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Mary Ellen Johnson




From: Texas

MARY ELLEN JOHNSON, owner of a little restaurant at 1301 Marilla
St., Dallas, Texas, is 77 years old. She was born in slavery to the
Murth family, about ten miles from San Marcos, Texas. She neither
reads nor writes but talks with little dialect.


"I don't know so fur back as befo' I was born, 'cept what my mammy told
me, and she allus said little black chillen wasn't sposed to ask so many
questions. Her name was Missouri Ellison, 'cause she belonged to Miss
Micelder Ellison and then when she married with Mr. Murth, her daddy
said my mammy was her 'heritance.

"My first mem'ries are us playin' in the backyard with Miss Fannie and
Miss Martha and Mr. Sammie. They was the little Murth chillen. We used
to make playhouses out there and sweep the ground clean down to the
level with brush brooms and dec'rate it all up with little broken
glasses and crockery.

"In them days we lived in a little, old log cabin in the backyard and
there was just one room, but it was snug and we had a plenty of livin'.
My mammy had a nice cotton bed and she weren't no field nigger, but my
pappy were.

"Miss Micelder had a fine farm and raised most everything we ate and the
food nowadays ain't like what it was then. Miss Micelder had a wood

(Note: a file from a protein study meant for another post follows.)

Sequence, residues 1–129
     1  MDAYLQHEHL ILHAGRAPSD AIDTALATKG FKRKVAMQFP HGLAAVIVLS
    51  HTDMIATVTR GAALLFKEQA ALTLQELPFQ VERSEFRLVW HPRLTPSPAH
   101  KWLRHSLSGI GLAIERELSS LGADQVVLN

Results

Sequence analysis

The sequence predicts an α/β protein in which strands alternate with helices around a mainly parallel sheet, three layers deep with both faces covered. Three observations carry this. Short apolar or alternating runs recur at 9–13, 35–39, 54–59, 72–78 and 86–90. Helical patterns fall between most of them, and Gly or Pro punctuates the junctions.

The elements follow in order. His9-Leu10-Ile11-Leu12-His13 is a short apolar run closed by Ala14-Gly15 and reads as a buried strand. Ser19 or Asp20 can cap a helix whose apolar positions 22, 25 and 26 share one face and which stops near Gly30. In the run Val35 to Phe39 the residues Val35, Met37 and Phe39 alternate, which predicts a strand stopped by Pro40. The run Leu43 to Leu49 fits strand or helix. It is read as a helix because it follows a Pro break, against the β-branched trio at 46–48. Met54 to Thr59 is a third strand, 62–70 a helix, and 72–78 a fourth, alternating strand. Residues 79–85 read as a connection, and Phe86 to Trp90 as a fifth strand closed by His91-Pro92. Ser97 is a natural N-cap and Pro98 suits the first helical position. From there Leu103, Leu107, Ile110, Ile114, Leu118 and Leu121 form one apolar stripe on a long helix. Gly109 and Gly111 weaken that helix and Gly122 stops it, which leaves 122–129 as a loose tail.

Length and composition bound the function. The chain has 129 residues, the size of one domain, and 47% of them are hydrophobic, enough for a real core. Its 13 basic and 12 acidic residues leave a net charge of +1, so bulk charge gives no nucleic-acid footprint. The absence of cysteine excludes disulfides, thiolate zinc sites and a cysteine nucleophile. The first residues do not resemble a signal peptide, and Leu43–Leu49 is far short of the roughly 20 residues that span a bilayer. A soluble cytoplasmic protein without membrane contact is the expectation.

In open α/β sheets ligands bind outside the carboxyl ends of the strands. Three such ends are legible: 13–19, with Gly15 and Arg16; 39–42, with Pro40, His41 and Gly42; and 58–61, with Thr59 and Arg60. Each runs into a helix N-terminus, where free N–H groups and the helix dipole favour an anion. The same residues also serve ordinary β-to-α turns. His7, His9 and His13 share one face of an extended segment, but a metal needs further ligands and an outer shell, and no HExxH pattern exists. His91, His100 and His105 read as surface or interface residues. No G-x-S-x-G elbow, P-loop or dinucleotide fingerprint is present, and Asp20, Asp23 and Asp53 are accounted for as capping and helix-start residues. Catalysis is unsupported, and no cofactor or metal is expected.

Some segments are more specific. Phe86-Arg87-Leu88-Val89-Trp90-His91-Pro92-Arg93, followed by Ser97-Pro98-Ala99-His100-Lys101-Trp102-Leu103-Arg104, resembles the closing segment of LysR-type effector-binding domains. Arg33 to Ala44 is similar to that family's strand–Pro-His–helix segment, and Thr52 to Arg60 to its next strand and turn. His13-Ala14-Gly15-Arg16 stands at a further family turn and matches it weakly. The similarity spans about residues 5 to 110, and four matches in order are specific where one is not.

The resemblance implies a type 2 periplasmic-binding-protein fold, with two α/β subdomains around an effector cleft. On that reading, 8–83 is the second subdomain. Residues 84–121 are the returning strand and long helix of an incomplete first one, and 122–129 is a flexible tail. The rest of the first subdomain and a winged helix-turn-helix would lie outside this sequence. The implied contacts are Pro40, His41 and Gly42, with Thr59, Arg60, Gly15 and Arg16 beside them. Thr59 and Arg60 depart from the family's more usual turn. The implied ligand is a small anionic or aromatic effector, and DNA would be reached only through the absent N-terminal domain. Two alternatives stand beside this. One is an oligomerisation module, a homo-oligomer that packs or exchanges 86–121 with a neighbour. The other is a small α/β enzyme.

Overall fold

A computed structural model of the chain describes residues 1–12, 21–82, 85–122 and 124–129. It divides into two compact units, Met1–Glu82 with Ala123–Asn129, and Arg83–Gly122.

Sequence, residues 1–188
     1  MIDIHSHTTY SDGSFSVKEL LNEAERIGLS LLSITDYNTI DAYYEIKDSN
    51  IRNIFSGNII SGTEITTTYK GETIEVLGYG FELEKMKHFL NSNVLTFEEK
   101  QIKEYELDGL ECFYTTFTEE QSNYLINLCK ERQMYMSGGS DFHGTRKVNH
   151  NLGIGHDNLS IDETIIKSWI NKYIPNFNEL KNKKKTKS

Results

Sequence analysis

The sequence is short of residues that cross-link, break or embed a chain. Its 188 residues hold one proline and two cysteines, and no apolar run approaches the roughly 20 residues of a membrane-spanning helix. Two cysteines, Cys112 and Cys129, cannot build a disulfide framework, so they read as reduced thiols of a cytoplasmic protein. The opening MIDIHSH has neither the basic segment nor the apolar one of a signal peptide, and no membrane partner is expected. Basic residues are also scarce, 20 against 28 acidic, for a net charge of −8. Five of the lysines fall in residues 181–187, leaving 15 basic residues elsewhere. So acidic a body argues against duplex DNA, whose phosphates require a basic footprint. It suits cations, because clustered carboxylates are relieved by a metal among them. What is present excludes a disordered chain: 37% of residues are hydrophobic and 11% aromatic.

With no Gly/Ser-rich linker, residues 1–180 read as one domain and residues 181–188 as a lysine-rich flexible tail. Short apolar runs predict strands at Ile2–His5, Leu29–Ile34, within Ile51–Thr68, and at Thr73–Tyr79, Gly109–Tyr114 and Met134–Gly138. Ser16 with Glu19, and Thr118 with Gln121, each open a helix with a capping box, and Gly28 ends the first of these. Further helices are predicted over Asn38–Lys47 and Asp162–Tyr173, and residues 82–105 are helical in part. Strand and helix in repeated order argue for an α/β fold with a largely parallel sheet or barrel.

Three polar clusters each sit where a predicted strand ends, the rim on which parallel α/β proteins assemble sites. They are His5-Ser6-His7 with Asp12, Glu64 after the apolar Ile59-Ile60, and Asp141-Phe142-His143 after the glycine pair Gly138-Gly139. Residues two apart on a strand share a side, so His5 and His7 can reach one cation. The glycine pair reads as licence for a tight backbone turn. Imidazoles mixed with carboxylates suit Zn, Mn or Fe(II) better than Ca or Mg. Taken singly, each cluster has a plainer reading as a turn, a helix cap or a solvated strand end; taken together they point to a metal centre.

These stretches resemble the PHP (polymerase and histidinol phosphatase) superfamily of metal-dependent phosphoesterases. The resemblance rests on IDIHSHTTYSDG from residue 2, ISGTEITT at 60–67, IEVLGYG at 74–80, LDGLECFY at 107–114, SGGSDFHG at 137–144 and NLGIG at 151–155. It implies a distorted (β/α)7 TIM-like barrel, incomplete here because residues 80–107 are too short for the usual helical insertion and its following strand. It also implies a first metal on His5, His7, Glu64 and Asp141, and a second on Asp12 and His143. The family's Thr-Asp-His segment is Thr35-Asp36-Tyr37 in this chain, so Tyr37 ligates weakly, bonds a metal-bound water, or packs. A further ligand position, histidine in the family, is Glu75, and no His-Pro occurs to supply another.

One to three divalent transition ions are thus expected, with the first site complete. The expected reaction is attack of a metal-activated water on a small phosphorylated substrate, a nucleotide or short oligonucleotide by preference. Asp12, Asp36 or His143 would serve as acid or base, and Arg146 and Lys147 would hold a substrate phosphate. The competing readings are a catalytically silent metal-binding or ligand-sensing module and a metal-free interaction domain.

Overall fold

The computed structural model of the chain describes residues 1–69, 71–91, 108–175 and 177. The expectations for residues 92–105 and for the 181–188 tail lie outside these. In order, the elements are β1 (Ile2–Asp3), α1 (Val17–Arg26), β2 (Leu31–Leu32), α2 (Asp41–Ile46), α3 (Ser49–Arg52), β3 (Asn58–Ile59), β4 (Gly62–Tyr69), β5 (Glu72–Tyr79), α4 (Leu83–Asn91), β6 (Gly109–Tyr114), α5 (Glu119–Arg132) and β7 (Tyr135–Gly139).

frame house with a big kitchen and they were cookin' goin' on all the
time. They cooked on a wood stove with iron pots and skillets, and the
roastin' ears and chicken fried right out of your own yard is tastier
than what you git now. Grated 'tater puddin' was my dish.

"When I am seven years old I hear talk 'bout a war and the separation
but I don't pay much 'tention. It seem far away and I don't bother my
kinky head 'bout it. But then they tells eme [typo: me] the war is over
and I'm goin' to be raised free and that I don't 'long to anybody but
Gawd and my pappy and mammy, but it don't make me feel nothin', 'cause I
ain't never know I ain't free.

"After the war we removed to a house on a hill where they is five
houses, little log houses all in a row. We had good times, but we had to
work in the cotton and corn and wheat in the daylight time, but when the
dusk come we used to sing and dance and play into the moonlight.

"But one man called Milton, he's past his yearling boy days and he
didn't like to see us spend our time in sin, so he'd preach to us from
the Gospel, but I had the hardest time to get 'ligion of anybody I
knowed. Fin'ly I got sick when I were fifteen and was in my bed and
somethin' happened. Lawd, it was the most 'lievable thing ever happened
to me. I was layin' there when sin formed a heavy, white veil just like
a blanket over my bed and it just eased down over me till it was mashing
the breath out of me. I crys out to the Lawd to save me and, sho'
'nough, He hear the cry of a pore mis'able sinner. I ran to my mammy and
pappy a-shoutin'.

"The next year I marries and went on 'nother farm right near by and
starts havin' chillen. I has ten and think I done rightly my part,
'cause I lived right by the word and taught my chillen the same. I'm
lookin' to the promise to live in Glory after my days here is done.





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